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October 30, 2014

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schools:

Parents in northwest valley want boundary changes delayed

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Heather Cory

Parents gather at Cimarron-Memorial High School to discuss zoning for several Clark County schools on Tuesday.

Northwest region boundary meeting

With a student at Palo Verde High School, Sue Lopez shows her support for proposed zoning boundary No. 2 during the school attendance boundaries input meeting at Cimarron-Memorial High School on Wednesday. Launch slideshow »

During a meeting Wednesday night to discuss zoning for schools in the Northwest Region, one sentiment was expressed by residents again and again: Don’t change anything right now.

Parents of children attending elementary and secondary schools in Summerlin and the surrounding areas implored the members of the Clark County School District’s Attendance Zone Advisory Commission to wait and see what kind of shape neighborhoods will be left in population-wise due to the economy during the next couple of years before deciding to relocate hundreds of students to fix over- and under-crowding.

The one exception was during the public comment concerning how to change the zoning of schools in the far northwest area to populate the new Henry & Evelyn Bozarth Elementary School, which will open for the 2009-2010 school year.

The main concern regarding the zoning change proposals revolved around attendance boundary changes that would result in students having to cross busy roadways to reach their newly assigned schools.

The public input meeting was the last chance for concerned residents to speak up before the advisory commission’s Thursday meeting, during which it will finalize all zoning change proposals for the northwest and submit suggestions to the School Board.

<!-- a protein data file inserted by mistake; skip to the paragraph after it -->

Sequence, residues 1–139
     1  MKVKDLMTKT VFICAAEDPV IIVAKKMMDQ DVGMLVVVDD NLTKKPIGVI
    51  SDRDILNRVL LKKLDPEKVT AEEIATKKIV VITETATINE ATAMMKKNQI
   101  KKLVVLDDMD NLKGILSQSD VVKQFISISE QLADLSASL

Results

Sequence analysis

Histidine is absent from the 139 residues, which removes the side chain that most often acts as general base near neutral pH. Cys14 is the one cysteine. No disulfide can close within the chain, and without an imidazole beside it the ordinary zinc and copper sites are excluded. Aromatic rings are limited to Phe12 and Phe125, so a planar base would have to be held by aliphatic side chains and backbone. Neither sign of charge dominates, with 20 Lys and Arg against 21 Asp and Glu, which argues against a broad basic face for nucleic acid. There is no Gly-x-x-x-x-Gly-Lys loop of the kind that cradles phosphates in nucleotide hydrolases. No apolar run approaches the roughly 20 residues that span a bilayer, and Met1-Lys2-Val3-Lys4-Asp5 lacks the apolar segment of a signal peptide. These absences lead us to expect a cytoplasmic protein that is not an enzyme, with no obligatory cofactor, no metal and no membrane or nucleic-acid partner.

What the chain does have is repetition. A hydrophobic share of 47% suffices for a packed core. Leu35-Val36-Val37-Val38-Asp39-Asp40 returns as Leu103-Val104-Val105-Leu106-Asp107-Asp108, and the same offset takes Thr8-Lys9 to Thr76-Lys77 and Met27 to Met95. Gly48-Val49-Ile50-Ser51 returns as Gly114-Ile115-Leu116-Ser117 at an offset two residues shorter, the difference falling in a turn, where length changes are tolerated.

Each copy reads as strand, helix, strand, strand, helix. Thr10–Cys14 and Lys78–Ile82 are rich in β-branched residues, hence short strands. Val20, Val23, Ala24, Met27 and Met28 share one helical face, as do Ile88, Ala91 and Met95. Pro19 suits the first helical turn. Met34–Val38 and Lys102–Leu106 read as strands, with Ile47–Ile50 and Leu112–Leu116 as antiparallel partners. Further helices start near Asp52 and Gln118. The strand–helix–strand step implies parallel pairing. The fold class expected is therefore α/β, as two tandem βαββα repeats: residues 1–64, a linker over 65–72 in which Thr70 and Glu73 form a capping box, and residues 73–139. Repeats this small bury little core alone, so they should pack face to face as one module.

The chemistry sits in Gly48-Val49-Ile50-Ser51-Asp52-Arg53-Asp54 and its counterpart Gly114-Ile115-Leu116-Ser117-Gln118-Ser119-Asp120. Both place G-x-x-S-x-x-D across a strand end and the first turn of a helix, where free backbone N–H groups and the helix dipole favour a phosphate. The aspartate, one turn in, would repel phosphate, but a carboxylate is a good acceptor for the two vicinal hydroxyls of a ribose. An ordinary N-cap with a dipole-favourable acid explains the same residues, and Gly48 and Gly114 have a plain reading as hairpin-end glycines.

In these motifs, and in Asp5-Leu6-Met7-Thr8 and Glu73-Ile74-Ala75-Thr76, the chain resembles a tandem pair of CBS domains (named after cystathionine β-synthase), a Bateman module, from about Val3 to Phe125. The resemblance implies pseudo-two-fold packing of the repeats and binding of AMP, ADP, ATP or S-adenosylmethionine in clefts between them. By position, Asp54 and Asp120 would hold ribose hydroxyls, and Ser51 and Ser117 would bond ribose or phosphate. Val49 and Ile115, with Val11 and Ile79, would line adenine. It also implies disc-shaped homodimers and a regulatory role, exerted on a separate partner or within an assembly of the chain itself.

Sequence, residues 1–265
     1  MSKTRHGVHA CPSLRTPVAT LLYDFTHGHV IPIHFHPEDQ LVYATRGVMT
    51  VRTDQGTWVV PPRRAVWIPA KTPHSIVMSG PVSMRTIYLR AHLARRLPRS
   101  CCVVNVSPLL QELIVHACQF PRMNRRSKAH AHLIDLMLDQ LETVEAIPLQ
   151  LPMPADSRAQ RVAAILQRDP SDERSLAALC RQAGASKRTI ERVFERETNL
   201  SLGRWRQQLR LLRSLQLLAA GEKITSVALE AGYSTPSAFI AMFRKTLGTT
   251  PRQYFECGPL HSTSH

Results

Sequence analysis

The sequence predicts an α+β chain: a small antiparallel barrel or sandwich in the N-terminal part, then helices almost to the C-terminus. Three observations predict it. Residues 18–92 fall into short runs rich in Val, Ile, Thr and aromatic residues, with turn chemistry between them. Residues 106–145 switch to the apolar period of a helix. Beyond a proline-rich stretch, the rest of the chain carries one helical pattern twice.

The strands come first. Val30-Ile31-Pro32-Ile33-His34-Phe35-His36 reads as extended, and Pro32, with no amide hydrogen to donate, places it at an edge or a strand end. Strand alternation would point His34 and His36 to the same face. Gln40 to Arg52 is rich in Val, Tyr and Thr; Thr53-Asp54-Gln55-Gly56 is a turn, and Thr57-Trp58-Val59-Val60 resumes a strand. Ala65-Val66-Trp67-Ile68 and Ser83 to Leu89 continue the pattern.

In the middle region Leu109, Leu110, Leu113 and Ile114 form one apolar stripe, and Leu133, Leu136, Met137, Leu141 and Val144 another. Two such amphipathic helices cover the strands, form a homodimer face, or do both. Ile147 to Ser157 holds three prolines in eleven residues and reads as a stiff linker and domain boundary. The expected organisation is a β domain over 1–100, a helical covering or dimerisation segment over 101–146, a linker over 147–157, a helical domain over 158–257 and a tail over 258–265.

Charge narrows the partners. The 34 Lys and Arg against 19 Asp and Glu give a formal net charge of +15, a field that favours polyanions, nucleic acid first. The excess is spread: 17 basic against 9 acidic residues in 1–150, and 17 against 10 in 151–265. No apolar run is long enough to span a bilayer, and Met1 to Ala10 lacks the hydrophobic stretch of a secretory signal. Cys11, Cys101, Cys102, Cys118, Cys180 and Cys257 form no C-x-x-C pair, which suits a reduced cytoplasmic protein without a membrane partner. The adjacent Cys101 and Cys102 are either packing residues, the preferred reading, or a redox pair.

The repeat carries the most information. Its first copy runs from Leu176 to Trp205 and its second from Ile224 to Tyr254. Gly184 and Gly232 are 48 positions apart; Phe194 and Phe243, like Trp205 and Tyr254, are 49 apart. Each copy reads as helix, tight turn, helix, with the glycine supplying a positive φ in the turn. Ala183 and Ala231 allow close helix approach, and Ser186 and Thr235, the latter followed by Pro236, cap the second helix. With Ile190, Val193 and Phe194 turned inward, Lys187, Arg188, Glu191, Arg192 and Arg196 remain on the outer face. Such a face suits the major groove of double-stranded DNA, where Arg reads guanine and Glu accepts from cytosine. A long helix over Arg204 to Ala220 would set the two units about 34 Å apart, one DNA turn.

The School Board will make the final decision on zoning changes for elementary schools Feb. 24 and for secondary schools March 3.

With the exception of the zoning changes proposed to populate Bozarth, all of the proposed zoning changes concern only existing schools and were proposed in response to a district-wide count of students conducted in September 2008 that found many schools to be over capacity while neighboring schools were under.

Parent Fred Grant, who spoke against proposed changes to overcrowded Palo Verde High School’s attendance boundary that would send students to under-capacity Bonanza High School, said the faltering economy is not yet finished wreaking havoc.

People are still losing their homes and having to move, he said. Student population numbers will continue to change.

Palo Verde is 14 percent over capacity while Bonanza is under by 9 percent. The proposed zone changes would move between 321 and 455 students from Palo Verde to Bonanza.

During public input concerning moving students from Sig Rogich Middle School, which is 10 percent over capacity, to Johnson Middle School, which is 23 percent under capacity, a wait-and-see sentiment again prevailed among those who commented before the commission.

However, while many wanted no changes made to the zoning boundary of Rogich, a group of people affiliated with Johnson said the school is in dire need of a higher population so more teachers and programs don’t get cut due to lack of students.

“We need to keep our teachers. We need more kids there,” said parent Angie Thompson.

For all of the proposed zone changes, concerns about cost efficiency, new travel routes that may include crossing busy streets and splitting up friends and communities were expressed.

The advisory commission’s meeting to finalize proposals is open to the public and will begin at 9:30 a.m. Thursday in the board room of the Edward A. Greer Education Center, 2832 E. Flamingo Road.

Ashley Livingston can be reached at 990-8925 or [email protected] .

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